Posted by: twotrees | September 15, 2012

A win for brick and mortar

Effective today, internet shopping for Californians means paying sales tax.  It’s about time.  For many years, internet sales have had an unfair advantage over local stores throughout the land in that they didn’t have to collect sales tax.  This difference, often 7-9% meant real price differentials for consumers, who often don’t value local retailers as much as they did saving $$.  But the reality was that those savings changed the equation for local municipalities, who needed those tax dollars to pave streets, paint schools and hire cops.

In California, where a very large share of internet purchasing is generated, this menat that hundreds of millions of potential tax dollars were not generated. And that profits from sales made by companies in other states and beyond, didn’t stay in our community.  Buying from Washington state based Amazon meant that founder Jeff Bezos and his shareholders would benefit from those profits far more than California residents ever could.  And the much lower warehousing costs for merchandise in North Dakota helps create jobs there, but is difficult to match here in California.  These are important points often lost to the average consumer.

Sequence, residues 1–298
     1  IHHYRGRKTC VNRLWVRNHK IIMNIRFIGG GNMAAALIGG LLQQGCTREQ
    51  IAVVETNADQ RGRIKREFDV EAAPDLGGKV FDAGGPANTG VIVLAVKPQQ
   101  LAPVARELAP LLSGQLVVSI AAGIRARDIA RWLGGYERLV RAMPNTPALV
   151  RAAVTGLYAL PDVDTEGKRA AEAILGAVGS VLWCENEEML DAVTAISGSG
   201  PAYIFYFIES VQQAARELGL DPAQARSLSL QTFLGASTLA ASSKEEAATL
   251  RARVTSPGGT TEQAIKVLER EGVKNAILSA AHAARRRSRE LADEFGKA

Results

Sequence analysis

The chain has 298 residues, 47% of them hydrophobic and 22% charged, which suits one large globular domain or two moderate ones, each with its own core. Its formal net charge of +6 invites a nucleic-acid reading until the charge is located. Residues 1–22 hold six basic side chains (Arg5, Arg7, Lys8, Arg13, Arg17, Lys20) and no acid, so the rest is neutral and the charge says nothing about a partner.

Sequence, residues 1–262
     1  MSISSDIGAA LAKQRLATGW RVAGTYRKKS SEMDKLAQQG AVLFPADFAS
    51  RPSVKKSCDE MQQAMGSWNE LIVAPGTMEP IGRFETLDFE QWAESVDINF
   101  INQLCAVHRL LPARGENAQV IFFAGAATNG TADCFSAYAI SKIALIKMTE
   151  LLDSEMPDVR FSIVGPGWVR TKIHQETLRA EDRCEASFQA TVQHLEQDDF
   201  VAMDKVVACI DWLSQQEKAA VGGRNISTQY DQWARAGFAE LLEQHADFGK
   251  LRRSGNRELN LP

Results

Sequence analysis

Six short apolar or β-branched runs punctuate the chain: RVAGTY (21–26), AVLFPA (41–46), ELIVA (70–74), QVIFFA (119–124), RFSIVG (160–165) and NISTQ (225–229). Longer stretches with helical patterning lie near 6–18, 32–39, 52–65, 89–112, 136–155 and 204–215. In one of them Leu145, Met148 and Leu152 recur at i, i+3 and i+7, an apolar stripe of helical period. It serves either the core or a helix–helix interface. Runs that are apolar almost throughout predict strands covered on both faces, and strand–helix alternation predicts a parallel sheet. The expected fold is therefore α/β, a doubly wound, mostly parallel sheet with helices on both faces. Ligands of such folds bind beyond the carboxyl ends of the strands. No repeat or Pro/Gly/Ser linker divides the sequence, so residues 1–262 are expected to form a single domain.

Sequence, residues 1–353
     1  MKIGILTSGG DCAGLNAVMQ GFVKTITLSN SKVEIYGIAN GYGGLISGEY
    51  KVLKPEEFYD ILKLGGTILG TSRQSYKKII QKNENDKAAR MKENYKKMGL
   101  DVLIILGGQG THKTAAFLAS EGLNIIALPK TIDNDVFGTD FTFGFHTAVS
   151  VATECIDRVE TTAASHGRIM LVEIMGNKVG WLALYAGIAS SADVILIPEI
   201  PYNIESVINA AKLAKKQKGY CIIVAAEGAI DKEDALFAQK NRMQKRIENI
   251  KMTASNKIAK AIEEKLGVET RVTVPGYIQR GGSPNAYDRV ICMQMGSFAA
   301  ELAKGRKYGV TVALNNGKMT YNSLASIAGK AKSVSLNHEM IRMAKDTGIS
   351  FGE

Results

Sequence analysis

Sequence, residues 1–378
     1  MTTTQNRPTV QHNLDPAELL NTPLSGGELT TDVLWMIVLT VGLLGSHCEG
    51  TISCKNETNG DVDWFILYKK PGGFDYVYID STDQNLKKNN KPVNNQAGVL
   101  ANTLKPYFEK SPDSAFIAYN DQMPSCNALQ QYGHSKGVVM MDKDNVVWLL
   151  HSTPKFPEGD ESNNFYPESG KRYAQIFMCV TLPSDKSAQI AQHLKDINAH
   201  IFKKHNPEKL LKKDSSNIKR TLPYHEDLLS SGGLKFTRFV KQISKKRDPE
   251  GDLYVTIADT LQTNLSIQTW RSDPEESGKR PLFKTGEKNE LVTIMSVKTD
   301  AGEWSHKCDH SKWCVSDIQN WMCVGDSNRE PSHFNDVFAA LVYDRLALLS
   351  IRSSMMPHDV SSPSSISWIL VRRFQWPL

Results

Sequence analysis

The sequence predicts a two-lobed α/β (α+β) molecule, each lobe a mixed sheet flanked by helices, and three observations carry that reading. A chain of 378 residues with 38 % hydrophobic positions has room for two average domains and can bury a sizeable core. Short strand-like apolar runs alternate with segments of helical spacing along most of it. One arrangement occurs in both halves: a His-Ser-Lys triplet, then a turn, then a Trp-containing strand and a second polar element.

There was a time when general merchandise profits ranged from 20-40%.  But in the hyper-competitive world market we now live, I know retailers who eek out a living on less than ten percent profit.  And for many, it’s hard to compete with the free delivery, no sales tax, liberal exchange policies that many online retailers offer.

During its nascent years, the internet needed some help to establish itself.  As I recall, Amazon lost money its first six years, big money.  But the idea was sound and more people started buying online.  So too with thousands of other sites (eBay, Overstock, etc…).  Now these companies are very much in the black and don’t need the unfair advantage they have enjoyed the past decade.  It’s about time…


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